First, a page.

Brightsurf Science News & Current Events

June 01, 2018
Cleveland Clinic Cancer Center experts present data at 2018 ASCO Annual Meeting
At the American Society of Clinical Oncology (ASCO) Annual Meeting in Chicago, researchers from Cleveland Clinic Cancer Center will present data from several new studies, including a prospective clinical trial examining non-small cell lung cancer cells' response to immunotherapy; research on germline testing for melanoma; and interim results from a study testing a vaccine for glioblastoma.

New technology for enzyme design
Scientists at the University of Würzburg have chemically modified the enzyme levansucrase using a new method.

Novel insulators with conducting edges
Physicists at UZH are researching a new class of materials: Higher-order topological insulators.

Polymer researchers discover path to sustainable and biodegradable polyesters
Researchers at Virginia Tech have synthesized a biodegradable alternative to polyolefins using a new catalyst and the polyester polymer, and this breakthrough could eventually have a profound impact on sustainability efforts.

Mobile app for autism screening yields useful data
A Duke study of an iPhone app to screen young children for signs of autism has found the app easy to use, welcomed by caregivers and good at producing reliable scientific data.

Weight changes associated with reduced bone strength
Researchers from Hebrew SeniorLife's Institute for Aging Research, Boston University, Beth Israel Deaconess Medical Center, and University of Calgary have found evidence that weight loss can result in worsening bone density, bone architecture and bone strength.

UA study links sleep loss with nighttime snacking, junk food cravings, obesity, diabetes
Nighttime snacking and junk food cravings may contribute to unhealthy eating behaviors and represent a potential link between poor sleep and obesity, according to a study by University of Arizona Health Sciences sleep researchers.

'Multiomics' and the newborn mouse heart
The heart of a neonatal mouse is capable of self-repair after tissue damage.

Irradiating chest lymph nodes in patients with early stage breast cancer improves survival without increasing side effects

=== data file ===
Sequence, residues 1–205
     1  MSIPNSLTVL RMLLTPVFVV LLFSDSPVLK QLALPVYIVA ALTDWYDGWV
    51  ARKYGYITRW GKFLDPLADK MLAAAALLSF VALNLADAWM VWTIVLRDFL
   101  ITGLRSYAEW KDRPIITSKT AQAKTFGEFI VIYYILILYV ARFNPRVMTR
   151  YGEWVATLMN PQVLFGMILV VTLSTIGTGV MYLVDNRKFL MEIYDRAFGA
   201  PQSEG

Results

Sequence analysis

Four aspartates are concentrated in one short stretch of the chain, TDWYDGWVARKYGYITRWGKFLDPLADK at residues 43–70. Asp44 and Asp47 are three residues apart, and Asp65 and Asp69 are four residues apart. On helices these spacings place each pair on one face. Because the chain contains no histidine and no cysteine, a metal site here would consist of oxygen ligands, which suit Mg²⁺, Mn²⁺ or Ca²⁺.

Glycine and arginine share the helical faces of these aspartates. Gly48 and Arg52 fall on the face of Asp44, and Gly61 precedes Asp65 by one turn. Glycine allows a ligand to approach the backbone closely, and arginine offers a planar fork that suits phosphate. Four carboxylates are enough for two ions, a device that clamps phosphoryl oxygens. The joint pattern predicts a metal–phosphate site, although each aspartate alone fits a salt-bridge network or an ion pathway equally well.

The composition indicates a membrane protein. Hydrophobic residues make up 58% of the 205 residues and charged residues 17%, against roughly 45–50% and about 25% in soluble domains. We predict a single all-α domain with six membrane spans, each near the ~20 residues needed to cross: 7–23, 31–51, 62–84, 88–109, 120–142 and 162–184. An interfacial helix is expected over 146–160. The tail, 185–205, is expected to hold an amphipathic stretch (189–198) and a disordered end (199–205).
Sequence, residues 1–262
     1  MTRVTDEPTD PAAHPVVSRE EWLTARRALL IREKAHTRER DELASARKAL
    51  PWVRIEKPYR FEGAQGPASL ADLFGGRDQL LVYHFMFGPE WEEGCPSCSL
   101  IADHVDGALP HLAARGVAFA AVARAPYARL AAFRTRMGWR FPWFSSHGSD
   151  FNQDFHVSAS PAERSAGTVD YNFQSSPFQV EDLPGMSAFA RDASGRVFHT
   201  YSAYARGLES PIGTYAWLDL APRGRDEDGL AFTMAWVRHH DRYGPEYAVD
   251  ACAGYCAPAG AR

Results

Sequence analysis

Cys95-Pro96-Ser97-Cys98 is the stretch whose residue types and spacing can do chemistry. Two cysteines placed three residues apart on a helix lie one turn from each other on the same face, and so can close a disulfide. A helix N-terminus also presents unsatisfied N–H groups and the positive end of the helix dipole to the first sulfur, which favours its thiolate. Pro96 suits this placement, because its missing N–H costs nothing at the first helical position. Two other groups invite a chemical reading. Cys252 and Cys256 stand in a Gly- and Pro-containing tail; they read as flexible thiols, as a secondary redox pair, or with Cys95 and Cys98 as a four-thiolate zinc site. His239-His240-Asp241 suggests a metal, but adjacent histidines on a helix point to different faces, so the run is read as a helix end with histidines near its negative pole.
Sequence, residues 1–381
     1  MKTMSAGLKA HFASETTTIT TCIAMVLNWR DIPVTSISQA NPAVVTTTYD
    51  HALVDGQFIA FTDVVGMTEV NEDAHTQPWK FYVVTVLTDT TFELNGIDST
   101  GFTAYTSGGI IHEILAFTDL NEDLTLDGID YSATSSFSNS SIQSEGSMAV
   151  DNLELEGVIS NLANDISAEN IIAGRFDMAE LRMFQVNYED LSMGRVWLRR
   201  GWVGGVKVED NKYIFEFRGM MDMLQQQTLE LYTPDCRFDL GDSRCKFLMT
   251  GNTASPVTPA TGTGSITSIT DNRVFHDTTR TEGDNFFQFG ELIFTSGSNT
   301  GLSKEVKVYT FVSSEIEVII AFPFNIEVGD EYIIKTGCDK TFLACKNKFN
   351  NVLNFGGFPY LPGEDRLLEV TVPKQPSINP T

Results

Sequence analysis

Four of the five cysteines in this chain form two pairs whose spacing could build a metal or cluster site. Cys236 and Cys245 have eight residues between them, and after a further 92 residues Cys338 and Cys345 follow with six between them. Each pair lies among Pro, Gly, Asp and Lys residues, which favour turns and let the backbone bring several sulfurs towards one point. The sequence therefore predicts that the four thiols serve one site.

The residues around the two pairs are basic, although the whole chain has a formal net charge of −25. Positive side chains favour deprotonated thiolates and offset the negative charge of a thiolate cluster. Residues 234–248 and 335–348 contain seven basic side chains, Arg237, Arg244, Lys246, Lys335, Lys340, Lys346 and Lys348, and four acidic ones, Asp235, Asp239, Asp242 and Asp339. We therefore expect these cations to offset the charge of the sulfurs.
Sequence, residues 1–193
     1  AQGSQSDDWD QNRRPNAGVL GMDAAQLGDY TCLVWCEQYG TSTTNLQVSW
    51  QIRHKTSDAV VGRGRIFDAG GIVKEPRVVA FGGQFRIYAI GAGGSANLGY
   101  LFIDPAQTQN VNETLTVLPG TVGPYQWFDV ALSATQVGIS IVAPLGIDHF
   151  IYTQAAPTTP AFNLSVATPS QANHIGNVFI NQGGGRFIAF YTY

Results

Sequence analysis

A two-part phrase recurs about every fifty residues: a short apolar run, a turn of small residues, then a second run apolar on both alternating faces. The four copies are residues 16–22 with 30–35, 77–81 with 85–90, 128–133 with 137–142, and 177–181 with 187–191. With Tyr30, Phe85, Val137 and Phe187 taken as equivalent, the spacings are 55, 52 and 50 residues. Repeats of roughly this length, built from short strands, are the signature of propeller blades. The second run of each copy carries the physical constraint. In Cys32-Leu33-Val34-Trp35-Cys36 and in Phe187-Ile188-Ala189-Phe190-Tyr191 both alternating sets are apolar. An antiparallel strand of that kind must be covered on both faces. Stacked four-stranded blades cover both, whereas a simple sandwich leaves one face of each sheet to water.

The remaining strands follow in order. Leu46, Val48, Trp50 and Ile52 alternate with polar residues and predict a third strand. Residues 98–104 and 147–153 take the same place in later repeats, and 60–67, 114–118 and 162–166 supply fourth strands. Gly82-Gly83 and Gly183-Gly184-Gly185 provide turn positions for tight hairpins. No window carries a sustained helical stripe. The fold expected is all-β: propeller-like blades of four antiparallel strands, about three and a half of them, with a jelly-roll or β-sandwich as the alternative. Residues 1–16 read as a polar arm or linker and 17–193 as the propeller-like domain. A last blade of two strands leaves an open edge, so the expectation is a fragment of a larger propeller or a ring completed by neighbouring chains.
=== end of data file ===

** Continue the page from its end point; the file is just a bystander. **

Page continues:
Giving radiation therapy to the lymph nodes located behind the breast bone and above the collar bone to patients with early stage breast cancer improves overall survival without increasing side effects, and this effect continues for 15 years, researchers have found.

Reconstructing longest American water level, instrumented flood record, in Boston Harbor
Using newly-discovered archival measurements to construct an instrumental record of water levels and storm tides in Boston since 1825, researchers at UMass Amherst and elsewhere report today that local averaged relative sea level rose by nearly a foot (0.28 meters) over the past 200 years, with the greatest increase occurring since 1920.

Analysis: Survival benefit for African-Americans with advanced prostate cancer
Contrary to current perceptions, certain African-American men with advanced prostate cancer have as good a chance of survival as white men and might actually have a small advantage, according to a new analysis of more than 8,000 patients who participated in clinical trials.

Research brief: New approach boosts effort to scale up biodiversity monitoring
The value of ecological biodiversity for maintaining ecosystem stability and function is well established, but a recent study points to a novel way to fine-tune our ability to measure it at larger scales.

Novel microscopy technique developed to analyze cellular focal adhesion dynamics
Researchers at the Beckman Institute for Advanced Science and Technology and the Micro and Nanotechnology Laboratory at the University of Illinois have developed a new form of microscopy that allows them to observe the formation and evolution of cell membrane focal adhesions.

New machine learning approach could accelerate bioengineering
Scientists from the Department of Energy's Lawrence Berkeley National Laboratory (Berkeley Lab) have developed a way to use machine learning to dramatically accelerate the design of microbes that produce biofuel.

Dieting associated with risky behaviours in teenage girls